The Agriculture Department has labeled the recent reality of 5.3 million pounds of E.coli contaminated ground beef as Class I, which carries a high health risk.
People have been dying from contaminated meat for years. The latest incident seems to have prodded the USDA into making a feeble gesture towards helping consumers figure out how to avoid inadvertently buying problematic meat. In a policy-shift last week, the USDA announced that it will start posting the names of retailers that carry contaminated meat and poultry that’s subject to recall. This decision comes many months after the release of the “downer cows being tortured on the way to slaughter” video that led to the recall of hundreds of millions of pounds of beef, and a week or so after the recall of 5.3 million pounds of E-coli contaminated beef that sickened at least 40 people in the Midwest.
In spite of these rather dramatic events and numerous deaths over the years, consumers have had no way of knowing where the tainted beef was sold. And so a steak bought a month ago and put into the freezer before the recall removed bad product from the shelves could well be contaminated, without the consumer’s knowledge.
The new rule enforcing disclosure “appears” to be a step in the right direction — but wait before you go out to have a burger in celebration. Agriculture Secretary Edward T. Schafer apparently doesn’t want to go overboard helping consumers. While he admits that people “want to know if they need to be on the lookout for recalled meat and poultry from their local store,” he also says that the expanded disclosure will apply only when there’s “a reasonable probability of serious health consequences or death for those with weakened immune systems.” He did not define what odds would be used to determine a “reasonable probability of death.” And if you think that’s not vague enough, the American Meat Institute has objected vigorously to the revised regulations, as limited as they are, insisting that they “have the potential to confuse and mislead customers.”
It should be noted that the volume of meat recalled in the past decade has been extraordinary:
- 5.3 million pounds of beef, July, 2008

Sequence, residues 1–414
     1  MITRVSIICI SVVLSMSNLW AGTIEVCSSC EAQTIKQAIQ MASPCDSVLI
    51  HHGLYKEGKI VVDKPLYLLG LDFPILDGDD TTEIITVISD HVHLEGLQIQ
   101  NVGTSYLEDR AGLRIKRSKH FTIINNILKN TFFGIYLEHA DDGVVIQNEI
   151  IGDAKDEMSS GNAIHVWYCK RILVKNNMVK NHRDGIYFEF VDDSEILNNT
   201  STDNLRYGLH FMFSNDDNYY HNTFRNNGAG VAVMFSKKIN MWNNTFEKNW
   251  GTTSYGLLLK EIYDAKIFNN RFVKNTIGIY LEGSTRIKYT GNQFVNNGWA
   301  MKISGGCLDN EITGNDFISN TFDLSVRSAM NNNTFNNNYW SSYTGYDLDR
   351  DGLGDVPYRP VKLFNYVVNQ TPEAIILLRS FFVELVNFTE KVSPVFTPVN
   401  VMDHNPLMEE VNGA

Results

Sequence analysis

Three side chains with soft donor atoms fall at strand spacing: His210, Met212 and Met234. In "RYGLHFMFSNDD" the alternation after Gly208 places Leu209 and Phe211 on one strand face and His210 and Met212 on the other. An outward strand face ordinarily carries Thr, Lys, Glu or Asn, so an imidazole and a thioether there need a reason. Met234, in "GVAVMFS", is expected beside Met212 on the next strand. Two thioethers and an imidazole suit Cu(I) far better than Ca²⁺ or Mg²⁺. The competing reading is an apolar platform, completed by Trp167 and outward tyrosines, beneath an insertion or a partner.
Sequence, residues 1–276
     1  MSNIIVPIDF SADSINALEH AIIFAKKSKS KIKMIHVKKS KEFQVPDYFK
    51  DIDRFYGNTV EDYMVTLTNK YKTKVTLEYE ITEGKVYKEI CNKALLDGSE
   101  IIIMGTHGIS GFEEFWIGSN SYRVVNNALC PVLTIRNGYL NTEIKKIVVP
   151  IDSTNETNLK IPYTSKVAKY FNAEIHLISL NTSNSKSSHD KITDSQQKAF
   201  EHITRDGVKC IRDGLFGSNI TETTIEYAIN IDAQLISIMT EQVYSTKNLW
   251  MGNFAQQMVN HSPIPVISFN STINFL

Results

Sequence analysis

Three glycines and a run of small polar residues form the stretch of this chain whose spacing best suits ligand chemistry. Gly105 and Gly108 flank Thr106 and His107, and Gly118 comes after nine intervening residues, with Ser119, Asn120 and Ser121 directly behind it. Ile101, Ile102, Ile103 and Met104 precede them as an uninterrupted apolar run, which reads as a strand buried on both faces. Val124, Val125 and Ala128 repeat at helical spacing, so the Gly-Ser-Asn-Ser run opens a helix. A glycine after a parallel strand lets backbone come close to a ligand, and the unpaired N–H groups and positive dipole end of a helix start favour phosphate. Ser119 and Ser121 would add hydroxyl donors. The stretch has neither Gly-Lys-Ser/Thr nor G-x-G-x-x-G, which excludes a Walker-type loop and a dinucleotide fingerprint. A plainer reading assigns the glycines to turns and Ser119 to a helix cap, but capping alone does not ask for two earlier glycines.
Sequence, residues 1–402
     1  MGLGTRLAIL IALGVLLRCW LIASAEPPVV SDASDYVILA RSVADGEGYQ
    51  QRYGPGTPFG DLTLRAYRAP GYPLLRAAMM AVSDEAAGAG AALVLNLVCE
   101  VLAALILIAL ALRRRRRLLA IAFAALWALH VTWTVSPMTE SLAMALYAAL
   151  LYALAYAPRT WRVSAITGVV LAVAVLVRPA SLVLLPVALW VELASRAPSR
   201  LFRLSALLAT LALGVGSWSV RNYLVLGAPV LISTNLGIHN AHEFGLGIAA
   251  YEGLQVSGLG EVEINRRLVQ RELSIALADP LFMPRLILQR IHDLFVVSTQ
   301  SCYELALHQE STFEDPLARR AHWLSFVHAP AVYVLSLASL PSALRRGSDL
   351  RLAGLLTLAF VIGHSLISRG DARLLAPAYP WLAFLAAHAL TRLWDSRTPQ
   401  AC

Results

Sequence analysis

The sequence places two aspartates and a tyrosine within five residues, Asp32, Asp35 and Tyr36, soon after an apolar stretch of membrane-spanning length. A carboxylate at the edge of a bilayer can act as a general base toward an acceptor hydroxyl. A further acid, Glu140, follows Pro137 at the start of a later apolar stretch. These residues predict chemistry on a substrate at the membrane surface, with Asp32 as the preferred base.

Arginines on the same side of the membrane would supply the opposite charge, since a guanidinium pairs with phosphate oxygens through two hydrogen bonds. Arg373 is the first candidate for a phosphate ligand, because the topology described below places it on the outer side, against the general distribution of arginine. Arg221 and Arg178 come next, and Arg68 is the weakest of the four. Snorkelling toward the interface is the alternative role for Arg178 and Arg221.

- 143 million pounds of beef in February, 2008, Westland Beef.
- 21.7 million pounds of hamburger, 2007.
- 27 million pounds of sandwich meat, 2002 (seven deaths).
- 18.6 million pounds of beef, 2002.
- 35 million pounds of frozen meat, 1999.
That’s over a quarter of a billion pounds of beef in ten years — a staggering amount. And yet, the publicity surrounding these extraordinary meat recalls doesn’t come close to the publicity surrounding contaminated produce. Every day for the past month, the tomato/Salmonella story has been front and center. The FDA jumped to its feet in issuing formal announcements warning consumers to steer clear of Romas, red plums, and raw red tomatoes — and also guiding customers how to determine if their tomatoes might have come from a contaminated source or locale. And since stores typically label where their produce comes from, consumers have had clear guidelines about what to steer clear of. (By the way, the FDA just announced today that tomatoes are not contaminated after all.) Likewise, when the contaminated spinach scare broke a few years ago, the FDA also issued a public warning and the news was specific and splashy.
Compare that scenario to announcements on contaminated beef, and you have to wonder. When it comes to beef contamination, there is rarely any clear guidance in the press about how to identify contaminated product in the grocery store. Look how the recent recall of 5.3 million pounds of ground beef barely made a dent in the July 4th weekend headlines, though 40 people got sick from it. (It should be noted that the Agriculture Department labeled the recall Class I, which carries a high health risk. And 40 people getting sick is just the tip of the iceberg because the Centers for Disease Control and Prevention estimates that for every reported incident of E. coli, 20 go unreported. It should also be noted that E. coli can cause severe illness and even death in humans. That would seem to qualify as “a reasonable probability of serious health consequences or death for those with weakened immune systems.”) And yet, Salmonella and tomatoes still continue to dominate the news.
Clearly, the meat lobby has successfully kept the lid on information about its many faux pas. It will do anything to keep meat on the shelves and the public in the dark — including issuing blatant double-talk. Witness spokesman Mark Dopp’s rationale for resisting expanded disclosure:
“If a consumer sees an early version of a list of businesses that received recalled product, that consumer may conclude that he could not have purchased the product. Three days later, the consumer’s local grocery store may appear on the list, but the consumer is unlikely to check the list again and may consume recalled products.”
And how would not posting the list at all keep consumers better informed, Mr. Dopp?
One final thought. According to the Centers for Disease Control and Prevention (CDC), there are an estimated 76 million cases of foodborne illness each year in the US alone, causing about 325,000 hospitalizations and 5,000 deaths.